Comparative Advertising in Today’s Marketplace: Whatever Happened to “Brand X?”
By: JOHN C. PICKERILL
Remember when all advertised product comparisons had to be made against an unnamed “Brand X?” After much lobbying from the advertising industry, the Federal Trade Commission finally agreed that naming competitive brands in comparative advertising was a good thing because it provided consumers with valuable product information and led to more robust marketplace competition.
However, this heightened freedom came with increased responsibility for the advertiser. The FTC has established rules for the types of comparisons which can be made in advertisements to ensure consumers are not being misled by the comparison of dissimilar products or irrelevant product features. Also, advertisers have been held to a heightened duty of substantiation whenever advertised claims involve competing products.
My favorite comparative advertising case is U-Haul v. Jartran, Inc., in which Jartran entered the trailer rental market with an aggressive strategy of taking U-Haul, the market leader, head-on. Jartran ran an ad campaign which stated its trailers were the only products “designed for the times” and that its prices beat U-Haul’s prices nationwide. Unfortunately, these statements weren’t altogether true. As a result, a court found for U-Haul, fined the advertising agency, and required Jartran to run corrective advertising to set the record straight. Jartran subsequently filed for bankruptcy, and I’m guessing the agency was longing for the good ole days of “Brand X.”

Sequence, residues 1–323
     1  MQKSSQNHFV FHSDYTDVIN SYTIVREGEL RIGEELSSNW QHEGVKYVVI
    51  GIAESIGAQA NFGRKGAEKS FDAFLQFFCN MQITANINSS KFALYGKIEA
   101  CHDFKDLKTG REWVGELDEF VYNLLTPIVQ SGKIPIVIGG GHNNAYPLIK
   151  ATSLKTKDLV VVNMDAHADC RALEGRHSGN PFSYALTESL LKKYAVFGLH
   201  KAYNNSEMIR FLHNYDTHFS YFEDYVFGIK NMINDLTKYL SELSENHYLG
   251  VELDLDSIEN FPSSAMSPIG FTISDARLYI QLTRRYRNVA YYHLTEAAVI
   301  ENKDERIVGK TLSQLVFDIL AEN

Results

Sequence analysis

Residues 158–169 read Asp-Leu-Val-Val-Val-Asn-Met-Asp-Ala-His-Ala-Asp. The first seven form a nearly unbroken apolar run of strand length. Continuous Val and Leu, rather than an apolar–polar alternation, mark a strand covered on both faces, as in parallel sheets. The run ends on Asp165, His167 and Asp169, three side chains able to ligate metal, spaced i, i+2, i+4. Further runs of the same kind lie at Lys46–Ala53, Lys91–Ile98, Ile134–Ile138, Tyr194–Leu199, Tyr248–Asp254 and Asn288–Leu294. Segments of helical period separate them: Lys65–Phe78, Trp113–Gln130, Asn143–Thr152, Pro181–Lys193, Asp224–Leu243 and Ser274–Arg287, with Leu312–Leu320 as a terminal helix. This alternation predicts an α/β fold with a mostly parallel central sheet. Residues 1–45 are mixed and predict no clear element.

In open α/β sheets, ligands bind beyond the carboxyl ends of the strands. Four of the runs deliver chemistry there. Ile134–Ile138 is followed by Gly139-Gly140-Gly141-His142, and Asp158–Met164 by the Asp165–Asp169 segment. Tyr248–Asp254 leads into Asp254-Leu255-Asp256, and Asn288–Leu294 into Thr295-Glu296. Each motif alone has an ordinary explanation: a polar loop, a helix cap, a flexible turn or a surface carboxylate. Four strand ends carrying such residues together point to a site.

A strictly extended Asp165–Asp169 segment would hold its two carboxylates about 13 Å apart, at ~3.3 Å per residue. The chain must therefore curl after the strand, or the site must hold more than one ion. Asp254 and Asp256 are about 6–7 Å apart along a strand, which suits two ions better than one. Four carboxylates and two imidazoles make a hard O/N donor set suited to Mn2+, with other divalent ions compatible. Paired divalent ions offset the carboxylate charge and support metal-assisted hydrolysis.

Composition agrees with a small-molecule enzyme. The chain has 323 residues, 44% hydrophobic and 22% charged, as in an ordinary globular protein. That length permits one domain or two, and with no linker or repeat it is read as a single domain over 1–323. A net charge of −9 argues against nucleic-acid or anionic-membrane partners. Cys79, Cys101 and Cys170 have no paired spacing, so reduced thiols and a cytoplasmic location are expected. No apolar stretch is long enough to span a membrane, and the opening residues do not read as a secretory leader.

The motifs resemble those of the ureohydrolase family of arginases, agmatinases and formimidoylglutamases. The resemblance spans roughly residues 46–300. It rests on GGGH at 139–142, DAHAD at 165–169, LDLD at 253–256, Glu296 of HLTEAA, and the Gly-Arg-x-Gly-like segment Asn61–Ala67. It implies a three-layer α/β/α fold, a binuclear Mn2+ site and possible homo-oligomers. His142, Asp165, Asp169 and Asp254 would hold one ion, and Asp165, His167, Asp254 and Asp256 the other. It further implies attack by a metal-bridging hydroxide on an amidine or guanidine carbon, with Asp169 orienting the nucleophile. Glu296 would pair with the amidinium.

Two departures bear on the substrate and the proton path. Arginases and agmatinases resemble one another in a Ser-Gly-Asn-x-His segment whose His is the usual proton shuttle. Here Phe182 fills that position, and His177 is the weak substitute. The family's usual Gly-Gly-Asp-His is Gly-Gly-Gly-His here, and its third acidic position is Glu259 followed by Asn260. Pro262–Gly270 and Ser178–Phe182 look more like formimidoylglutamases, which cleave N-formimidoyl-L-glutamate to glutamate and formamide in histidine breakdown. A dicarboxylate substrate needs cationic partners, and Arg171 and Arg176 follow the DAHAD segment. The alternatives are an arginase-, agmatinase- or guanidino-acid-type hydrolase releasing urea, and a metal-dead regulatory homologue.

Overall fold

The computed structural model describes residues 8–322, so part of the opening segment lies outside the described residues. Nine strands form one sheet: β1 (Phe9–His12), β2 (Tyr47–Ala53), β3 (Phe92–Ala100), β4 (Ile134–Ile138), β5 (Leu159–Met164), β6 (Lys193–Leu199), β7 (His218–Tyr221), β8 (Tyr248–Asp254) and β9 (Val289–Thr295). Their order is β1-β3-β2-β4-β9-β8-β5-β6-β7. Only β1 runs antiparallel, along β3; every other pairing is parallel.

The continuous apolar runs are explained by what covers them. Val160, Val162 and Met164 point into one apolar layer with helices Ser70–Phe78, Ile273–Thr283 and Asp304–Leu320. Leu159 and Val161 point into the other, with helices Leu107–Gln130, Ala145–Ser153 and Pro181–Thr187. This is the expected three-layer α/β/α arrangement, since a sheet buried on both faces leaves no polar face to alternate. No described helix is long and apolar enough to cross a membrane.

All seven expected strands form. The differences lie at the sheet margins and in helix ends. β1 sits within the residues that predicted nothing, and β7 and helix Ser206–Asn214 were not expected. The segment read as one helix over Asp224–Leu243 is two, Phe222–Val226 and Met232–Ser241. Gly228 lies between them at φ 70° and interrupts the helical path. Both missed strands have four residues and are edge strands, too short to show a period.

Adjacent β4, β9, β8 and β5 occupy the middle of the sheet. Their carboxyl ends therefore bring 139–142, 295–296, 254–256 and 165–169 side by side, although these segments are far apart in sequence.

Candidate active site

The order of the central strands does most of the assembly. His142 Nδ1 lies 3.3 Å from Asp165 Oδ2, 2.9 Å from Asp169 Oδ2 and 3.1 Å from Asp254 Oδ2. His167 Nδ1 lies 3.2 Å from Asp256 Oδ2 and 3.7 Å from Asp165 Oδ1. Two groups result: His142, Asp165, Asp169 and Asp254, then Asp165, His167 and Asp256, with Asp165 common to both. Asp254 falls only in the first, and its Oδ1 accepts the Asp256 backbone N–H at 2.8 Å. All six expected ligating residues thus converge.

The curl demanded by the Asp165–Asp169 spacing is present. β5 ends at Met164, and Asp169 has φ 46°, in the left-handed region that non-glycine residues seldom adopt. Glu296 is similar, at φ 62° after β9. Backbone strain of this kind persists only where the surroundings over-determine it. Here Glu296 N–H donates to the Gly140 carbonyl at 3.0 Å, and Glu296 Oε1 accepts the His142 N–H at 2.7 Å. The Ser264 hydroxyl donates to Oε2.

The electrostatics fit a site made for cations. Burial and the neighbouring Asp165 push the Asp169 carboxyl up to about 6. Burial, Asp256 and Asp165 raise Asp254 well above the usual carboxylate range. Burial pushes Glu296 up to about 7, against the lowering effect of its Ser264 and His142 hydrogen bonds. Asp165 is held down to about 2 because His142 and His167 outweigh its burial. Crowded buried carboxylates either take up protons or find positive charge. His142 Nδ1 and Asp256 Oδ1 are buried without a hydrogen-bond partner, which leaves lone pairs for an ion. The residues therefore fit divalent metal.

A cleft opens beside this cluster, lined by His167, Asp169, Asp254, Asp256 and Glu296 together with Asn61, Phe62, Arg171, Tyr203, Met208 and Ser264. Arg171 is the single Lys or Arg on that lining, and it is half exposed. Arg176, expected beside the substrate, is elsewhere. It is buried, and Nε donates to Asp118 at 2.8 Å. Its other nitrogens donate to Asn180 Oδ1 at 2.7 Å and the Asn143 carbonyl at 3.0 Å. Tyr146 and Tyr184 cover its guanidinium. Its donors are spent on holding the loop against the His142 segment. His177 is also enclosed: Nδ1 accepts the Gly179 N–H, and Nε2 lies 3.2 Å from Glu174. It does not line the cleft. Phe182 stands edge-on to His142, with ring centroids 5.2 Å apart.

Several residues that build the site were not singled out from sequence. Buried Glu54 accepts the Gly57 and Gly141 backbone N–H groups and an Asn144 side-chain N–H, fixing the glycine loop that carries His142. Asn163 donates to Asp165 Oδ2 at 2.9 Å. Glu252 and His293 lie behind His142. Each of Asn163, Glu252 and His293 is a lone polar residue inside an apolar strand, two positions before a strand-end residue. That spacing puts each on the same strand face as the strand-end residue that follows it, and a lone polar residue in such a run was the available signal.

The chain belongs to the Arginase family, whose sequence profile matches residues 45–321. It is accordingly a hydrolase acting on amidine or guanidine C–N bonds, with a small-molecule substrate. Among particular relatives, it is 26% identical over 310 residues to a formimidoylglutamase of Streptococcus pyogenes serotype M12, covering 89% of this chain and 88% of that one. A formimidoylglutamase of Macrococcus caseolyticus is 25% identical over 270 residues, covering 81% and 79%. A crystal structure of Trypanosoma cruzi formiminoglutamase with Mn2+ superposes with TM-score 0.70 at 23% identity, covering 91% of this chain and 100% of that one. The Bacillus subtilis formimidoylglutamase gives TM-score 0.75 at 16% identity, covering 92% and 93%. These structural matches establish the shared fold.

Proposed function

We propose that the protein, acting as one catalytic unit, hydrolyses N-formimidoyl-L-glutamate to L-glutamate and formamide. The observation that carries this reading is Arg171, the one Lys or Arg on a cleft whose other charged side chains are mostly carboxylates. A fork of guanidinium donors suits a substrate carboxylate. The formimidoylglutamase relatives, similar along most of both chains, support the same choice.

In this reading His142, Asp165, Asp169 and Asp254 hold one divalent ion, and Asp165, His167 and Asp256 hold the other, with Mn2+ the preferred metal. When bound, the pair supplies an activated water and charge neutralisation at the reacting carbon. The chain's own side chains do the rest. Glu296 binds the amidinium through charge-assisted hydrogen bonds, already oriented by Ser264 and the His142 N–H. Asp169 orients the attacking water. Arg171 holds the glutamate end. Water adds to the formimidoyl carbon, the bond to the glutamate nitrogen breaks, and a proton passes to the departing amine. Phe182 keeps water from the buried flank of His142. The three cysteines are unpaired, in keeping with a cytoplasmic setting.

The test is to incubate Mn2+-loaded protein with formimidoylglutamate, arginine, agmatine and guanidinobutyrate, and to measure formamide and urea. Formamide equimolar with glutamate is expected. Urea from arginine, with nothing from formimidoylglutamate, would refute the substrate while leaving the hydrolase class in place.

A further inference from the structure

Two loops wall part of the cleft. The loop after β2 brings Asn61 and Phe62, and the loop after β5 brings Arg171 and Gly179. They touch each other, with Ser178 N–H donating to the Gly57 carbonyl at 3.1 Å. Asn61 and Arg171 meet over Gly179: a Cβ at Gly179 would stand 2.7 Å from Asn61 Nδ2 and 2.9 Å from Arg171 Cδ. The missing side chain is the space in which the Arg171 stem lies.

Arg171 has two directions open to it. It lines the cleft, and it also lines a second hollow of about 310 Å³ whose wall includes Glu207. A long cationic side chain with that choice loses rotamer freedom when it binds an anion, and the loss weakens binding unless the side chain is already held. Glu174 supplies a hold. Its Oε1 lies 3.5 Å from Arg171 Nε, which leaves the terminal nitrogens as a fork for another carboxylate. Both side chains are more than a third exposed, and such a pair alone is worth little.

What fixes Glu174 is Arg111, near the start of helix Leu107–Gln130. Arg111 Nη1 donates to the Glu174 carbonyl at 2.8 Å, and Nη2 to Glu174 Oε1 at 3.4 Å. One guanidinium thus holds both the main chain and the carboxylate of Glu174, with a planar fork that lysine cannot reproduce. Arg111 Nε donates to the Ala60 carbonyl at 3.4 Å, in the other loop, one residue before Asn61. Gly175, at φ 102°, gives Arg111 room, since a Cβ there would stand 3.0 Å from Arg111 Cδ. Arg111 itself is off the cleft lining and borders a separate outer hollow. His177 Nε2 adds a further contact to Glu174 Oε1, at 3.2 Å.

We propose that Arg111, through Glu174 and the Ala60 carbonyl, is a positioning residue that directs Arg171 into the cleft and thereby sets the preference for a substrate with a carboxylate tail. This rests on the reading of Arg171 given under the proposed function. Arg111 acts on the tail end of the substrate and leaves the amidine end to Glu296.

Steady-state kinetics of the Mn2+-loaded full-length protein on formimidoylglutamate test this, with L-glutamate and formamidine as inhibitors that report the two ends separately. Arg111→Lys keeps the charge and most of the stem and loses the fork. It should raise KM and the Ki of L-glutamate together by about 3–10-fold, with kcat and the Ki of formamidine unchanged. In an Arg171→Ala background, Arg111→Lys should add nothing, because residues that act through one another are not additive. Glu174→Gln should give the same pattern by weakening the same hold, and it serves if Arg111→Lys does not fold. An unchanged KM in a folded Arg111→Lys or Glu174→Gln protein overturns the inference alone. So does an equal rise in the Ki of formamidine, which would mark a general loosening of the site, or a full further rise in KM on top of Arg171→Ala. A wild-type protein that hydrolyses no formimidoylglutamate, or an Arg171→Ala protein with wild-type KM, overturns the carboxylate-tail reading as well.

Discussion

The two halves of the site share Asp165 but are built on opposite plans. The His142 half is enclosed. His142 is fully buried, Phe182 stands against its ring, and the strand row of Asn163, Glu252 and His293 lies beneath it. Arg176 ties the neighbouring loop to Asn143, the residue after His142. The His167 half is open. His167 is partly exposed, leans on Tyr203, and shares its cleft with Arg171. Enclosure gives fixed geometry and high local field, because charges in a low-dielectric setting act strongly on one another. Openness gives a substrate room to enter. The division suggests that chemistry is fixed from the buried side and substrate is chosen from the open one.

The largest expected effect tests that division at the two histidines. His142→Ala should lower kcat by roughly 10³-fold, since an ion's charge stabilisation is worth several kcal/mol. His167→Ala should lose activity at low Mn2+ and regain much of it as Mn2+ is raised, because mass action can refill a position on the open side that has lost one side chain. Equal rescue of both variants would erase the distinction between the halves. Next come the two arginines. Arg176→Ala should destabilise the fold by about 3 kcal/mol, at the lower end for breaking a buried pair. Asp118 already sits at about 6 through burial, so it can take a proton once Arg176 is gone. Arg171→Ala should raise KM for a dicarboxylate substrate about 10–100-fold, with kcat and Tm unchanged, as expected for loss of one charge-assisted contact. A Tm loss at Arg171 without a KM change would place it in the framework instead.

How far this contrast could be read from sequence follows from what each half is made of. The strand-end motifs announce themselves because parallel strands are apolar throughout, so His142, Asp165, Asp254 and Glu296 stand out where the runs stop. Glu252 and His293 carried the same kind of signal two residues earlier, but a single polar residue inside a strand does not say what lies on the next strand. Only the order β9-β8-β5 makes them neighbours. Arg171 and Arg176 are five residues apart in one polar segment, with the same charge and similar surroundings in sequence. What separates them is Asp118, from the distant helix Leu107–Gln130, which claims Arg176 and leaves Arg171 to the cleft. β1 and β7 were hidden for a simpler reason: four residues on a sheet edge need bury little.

The Jartran case should serve as a cautionary reminder of the perils and privileges of comparative advertising. Taking on competitors can be good for business, but you have to make sure your claims are completely true and completely relevant. Your competitors are certain to look for any excuse to come after you.